Vaccination is the best way to protect yourself and others against certain diseases.
Vaccines protect us against diseases with serious consequences and that can even cause death. Some of these illnesses have no medical treatment. By getting vaccinated, you also reduce the transmission of contagious diseases.
In Québec, getting vaccinated is not mandatory but is highly recommended. The vast majority of people do get vaccinated. The Québec Immunization Program [Programme québécois d’immunisation] provides free vaccines to the entire population of Québec according to an immunization schedule.
Make sure your vaccines are always up to date. See the Québec Immunization Program to find out how to get vaccinated.
Why you should get vaccinated
To protect yourself and avoid the risks and complications of illnesses
Vaccine-preventable diseases cause suffering, complications and after-effects. They may also cause death. Catching certain diseases naturally offers subsequent protection against these diseases, in the same way that vaccines do. However, letting nature take its course presents very great risks to your health. Here are a few examples:
- Meningococcal infection, which causes meningitis, is a serious disease. It can cause permanent brain damage and be fatal in 10-15% of cases
- Chickenpox is a common disease that is not dangerous most of the time. However, it can lead to complications such as skin and ear infections and pneumonia. In 2006, the chickenpox immunization program was established in Québec. In the six years that followed, hospitalisation due to chickenpox complications dropped by 85%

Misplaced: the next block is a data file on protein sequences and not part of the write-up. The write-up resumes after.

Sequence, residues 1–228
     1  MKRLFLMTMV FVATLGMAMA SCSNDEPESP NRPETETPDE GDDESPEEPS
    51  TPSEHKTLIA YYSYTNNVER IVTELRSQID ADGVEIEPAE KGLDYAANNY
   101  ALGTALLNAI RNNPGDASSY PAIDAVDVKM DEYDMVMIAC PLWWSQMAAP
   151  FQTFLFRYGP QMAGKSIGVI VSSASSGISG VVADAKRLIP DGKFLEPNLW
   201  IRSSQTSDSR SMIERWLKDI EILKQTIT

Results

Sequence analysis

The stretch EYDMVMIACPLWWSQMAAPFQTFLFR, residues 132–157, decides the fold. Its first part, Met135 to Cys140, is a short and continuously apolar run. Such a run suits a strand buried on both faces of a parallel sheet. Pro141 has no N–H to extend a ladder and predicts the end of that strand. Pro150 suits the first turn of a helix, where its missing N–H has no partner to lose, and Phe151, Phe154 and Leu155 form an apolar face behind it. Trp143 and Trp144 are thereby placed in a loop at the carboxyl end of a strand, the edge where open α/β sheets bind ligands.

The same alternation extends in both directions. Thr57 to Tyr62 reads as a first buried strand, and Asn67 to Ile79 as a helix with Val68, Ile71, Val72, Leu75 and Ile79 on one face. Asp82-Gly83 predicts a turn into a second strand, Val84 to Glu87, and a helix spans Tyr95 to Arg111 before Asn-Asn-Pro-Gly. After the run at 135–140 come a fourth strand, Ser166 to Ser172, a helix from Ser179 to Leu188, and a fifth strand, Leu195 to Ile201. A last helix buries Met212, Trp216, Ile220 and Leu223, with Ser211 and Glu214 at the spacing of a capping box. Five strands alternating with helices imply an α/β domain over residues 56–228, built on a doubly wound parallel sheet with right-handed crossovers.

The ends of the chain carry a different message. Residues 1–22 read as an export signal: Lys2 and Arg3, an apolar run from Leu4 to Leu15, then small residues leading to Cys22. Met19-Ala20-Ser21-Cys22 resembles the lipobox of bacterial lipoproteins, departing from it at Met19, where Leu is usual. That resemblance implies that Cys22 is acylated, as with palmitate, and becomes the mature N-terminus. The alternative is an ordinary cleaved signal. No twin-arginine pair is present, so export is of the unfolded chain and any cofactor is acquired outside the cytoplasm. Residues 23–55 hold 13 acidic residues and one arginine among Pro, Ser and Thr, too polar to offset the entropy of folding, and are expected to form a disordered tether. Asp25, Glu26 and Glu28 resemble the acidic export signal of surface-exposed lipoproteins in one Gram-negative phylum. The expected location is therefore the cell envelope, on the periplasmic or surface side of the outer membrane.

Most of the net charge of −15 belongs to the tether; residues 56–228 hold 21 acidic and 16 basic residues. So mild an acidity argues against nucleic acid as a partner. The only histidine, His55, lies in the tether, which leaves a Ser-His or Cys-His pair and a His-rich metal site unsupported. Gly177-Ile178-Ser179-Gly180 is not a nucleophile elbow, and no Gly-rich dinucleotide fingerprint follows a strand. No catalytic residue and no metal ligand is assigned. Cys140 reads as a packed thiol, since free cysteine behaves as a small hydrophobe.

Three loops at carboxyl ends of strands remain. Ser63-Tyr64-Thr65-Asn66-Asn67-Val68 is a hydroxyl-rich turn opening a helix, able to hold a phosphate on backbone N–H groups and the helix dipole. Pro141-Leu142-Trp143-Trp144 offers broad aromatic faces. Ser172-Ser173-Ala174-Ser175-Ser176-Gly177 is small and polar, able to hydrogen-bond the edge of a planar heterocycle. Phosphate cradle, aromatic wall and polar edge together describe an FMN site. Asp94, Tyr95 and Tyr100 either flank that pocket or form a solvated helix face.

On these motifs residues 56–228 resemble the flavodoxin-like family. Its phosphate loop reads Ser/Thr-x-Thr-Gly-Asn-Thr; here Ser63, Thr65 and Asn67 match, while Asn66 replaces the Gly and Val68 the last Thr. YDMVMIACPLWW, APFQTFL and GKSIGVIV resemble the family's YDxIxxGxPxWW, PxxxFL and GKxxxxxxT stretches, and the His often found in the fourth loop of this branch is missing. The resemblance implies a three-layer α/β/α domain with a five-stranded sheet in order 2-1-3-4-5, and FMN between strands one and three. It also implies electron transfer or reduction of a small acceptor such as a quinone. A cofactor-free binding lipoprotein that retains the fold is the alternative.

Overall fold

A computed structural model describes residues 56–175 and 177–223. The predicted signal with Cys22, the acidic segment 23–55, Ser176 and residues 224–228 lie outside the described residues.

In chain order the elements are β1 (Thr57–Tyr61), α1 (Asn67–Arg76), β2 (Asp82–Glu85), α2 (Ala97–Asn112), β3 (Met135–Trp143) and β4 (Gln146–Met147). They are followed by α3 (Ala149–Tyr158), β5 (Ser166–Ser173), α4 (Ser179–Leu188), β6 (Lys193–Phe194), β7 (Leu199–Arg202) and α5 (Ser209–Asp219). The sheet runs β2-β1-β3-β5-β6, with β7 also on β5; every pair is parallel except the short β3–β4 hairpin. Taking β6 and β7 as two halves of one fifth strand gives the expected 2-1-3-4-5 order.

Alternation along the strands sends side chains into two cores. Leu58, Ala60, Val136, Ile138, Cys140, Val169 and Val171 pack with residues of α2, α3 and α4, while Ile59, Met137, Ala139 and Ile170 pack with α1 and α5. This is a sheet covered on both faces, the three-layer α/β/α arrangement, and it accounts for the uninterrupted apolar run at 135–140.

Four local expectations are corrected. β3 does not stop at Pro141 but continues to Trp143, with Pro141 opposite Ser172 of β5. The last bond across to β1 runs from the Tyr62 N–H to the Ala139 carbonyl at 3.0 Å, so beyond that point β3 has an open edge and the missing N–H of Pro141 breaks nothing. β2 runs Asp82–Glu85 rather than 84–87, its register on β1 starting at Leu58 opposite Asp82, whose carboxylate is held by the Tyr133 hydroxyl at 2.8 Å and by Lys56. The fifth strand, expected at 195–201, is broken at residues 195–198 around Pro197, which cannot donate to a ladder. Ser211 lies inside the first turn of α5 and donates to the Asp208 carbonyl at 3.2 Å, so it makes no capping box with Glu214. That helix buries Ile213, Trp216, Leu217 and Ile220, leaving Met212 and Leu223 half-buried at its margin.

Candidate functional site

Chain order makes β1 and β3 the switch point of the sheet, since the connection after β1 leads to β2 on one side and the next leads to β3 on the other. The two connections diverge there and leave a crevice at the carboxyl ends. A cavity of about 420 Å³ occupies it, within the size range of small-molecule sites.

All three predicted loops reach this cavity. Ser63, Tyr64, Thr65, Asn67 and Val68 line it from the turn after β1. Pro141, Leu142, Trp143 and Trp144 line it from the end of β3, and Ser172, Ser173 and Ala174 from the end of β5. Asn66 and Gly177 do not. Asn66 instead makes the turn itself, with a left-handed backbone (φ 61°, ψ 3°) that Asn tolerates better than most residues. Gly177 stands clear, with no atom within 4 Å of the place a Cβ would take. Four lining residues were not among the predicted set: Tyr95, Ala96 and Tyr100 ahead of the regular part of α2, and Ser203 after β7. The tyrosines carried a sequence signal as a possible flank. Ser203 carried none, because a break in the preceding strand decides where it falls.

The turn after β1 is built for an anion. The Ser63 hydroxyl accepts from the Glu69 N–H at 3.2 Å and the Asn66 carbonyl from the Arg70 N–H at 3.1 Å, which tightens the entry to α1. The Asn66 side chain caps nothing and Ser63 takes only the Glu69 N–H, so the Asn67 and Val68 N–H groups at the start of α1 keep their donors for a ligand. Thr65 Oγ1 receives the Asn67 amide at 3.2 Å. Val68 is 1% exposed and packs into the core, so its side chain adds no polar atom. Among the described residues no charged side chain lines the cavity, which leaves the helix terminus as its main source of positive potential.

- A communicable disease such as measles spreads very easily from one person to another. This disease can be serious or even fatal in people who are at higher risk of developing complications from measles. For examples, very young children, people with a weak immune system and pregnant women are more vulnerable to complications of measles. To prevent this disease from spreading in the population, at least 95% of the public must be vaccinated
Vaccination also carries some risks, but the serious risks associated with vaccines are much rarer than those related to diseases. For example, after receiving the measles vaccine, there is a risk of encephalitis, which is an inflammation of the brain. However, this risk does not even represent 1 case in 1 million. This risk increases to 1 in 1,000 cases when a person catches measles.
To protect the people around you
People who are vaccinated against a disease are less likely to catch it. As a result, they are less likely to transmit it to others. Hence, they indirectly protect those who have not received the vaccine.
It is therefore important to get vaccinated in order to protect others. Indeed, some people cannot get vaccinated for one or more of the following reasons:
- Allergy to the content of certain vaccines
- Their age
- Their health (a weak immune system, for example)
Also, some people remain inadequately protected even if they are vaccinated.
Therefore, they’ll always be people not protected against a particular disease. That’s why as many people as possible need to be vaccinated in order to prevent transmission of diseases and to protect the entire population.
See the Objectives of vaccination page for further information on the objectives of COVID-19 vaccination.
To prevent the resurgence of vaccine-preventable infectious diseases
With the advent of vaccines, some infectious diseases have become rare and others have disappeared. If there were no more vaccines, infectious diseases would reappear quickly and spread through the population. This has happened in some countries. For example, in 2015, there was a measles outbreak in the United States and Canada because a significant number of people were not vaccinated.